It may be only a small reed of trust for a possible peace in Afghanistan. Yet, after four rounds of face-to-face talks, the Taliban and the United States have finally agreed on something. That alone could help shorten the fears that drive America’s longest war and that have kept Afghanistan at the center of the global war on terror.
Last week during negotiations in Qatar, the two sides agreed in principle to a “framework” for a grand bargain: The US would declare a timetable for withdrawing its troops while the Taliban pledged not to allow Afghanistan to again be used as a launching ground for attacks on the US.
This public commitment to two shared goals, even if they are far from reality, is an essential step for further talks. Negotiations are not always a process of compromise or probing weaknesses. They also allow better understanding of the other side’s perspective.
In these talks, it is now clear the US, and the Taliban, as well as the Afghan people, are weary of conflict and eager to end decades of foreign meddling. Merely acknowledging such points across a chasm of distrust can provide the first plank for bridge-building.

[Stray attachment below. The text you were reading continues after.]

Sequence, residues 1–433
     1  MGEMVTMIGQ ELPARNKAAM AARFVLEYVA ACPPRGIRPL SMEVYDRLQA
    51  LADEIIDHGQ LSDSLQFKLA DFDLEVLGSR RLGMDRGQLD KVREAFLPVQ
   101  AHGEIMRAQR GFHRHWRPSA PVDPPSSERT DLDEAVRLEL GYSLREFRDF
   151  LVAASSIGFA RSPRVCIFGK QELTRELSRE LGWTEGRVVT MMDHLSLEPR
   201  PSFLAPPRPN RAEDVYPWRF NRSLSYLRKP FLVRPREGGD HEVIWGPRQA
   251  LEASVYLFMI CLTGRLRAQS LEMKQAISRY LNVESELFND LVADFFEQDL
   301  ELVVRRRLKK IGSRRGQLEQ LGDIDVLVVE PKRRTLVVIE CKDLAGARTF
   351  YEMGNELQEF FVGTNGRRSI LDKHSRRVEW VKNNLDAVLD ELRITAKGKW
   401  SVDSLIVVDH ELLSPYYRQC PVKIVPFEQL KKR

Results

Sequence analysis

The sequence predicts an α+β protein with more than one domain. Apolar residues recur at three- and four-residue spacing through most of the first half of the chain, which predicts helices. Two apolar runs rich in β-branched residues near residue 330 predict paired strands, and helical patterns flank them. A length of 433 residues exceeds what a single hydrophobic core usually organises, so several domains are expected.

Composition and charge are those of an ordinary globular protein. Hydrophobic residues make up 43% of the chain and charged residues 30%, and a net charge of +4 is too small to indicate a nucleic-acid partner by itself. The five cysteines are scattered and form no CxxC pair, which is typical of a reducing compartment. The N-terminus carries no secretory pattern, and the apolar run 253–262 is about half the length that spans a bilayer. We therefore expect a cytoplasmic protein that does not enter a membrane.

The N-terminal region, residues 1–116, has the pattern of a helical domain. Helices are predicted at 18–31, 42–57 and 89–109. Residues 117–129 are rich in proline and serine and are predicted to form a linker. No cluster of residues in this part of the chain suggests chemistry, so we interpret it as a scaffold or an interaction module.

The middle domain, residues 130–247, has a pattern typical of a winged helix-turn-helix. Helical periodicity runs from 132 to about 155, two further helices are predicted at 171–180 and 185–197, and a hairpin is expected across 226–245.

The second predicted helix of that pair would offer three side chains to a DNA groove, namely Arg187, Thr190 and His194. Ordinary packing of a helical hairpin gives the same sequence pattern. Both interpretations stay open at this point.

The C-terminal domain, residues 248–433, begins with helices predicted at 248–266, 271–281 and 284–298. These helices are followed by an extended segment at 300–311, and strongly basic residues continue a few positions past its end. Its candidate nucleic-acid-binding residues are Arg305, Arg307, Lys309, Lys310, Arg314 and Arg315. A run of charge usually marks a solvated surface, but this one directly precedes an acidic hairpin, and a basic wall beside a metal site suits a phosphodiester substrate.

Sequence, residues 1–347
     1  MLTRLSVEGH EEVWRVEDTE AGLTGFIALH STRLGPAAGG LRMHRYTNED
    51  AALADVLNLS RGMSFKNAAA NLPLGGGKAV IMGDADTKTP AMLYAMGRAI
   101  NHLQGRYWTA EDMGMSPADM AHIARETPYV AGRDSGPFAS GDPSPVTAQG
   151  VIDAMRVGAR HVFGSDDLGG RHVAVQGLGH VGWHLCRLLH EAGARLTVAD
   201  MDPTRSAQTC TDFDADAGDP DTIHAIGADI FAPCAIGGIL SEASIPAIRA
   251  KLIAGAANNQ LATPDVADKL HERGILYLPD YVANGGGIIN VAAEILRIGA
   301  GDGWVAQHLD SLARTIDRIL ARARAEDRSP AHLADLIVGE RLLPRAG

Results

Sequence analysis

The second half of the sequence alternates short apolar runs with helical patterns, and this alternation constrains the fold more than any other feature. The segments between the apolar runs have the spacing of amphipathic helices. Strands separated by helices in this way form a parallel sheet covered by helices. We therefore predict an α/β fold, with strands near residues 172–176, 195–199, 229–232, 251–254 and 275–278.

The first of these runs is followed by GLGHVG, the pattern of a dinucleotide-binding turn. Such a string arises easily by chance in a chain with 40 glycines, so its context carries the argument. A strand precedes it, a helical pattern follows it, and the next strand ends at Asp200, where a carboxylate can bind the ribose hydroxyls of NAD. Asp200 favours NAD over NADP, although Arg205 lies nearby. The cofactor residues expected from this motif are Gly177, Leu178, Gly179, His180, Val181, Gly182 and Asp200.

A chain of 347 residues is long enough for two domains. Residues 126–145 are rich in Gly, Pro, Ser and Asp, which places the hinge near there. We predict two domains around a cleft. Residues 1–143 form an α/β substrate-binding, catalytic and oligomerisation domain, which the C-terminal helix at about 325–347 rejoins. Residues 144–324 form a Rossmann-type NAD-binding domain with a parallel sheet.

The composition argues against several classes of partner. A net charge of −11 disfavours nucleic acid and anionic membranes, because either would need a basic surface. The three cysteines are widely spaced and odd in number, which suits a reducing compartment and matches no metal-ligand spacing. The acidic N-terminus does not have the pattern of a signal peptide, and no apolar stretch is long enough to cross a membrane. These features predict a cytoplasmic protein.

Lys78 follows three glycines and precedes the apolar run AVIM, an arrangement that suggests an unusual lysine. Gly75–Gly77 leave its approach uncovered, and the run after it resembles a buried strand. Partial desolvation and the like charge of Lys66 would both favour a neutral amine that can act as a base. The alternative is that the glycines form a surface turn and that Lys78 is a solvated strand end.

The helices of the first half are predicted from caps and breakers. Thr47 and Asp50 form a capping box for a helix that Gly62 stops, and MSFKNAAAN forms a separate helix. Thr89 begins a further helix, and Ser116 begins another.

Such a bridge is still far from complete. It is not clear how the Taliban foresees its role in Afghanistan’s democracy or in its treatment of women based on its harsh rule from 1996 to 2001.And the elected government in Kabul is still not directly involved in the talks. Its positions may change after a presidential election slated for July. It also is unclear if President Trump plans to withdraw some or all of the 14,000 US troops without first assuring there is a stable government in Kabul in command of a cohesive army.
Besides these uncertainties, all sides have shown a patience to fill in the details. This initial agreement is not final until many other points are agreed, such as Taliban respect for the Afghan Constitution. One idea being proposed is that the Taliban be allowed to run for office in local rural areas while having only a limited role in the national government.
As trust is built in further talks, a cease-fire may become possible. Last June, the Taliban did participate in a first-ever three-day cease-fire. New ideas for a peace pact may emerge. And other outside powers, such as Pakistan, might better provide fresh security guarantees.
The search for a viable peace process has taken an important step. Like negotiations that led to agreements in Northern Ireland and Colombia, Afghanistan needs to find common ground among the competing sides. The initial trust is developing. As it is built on a shared desire for peace, then peace is possible.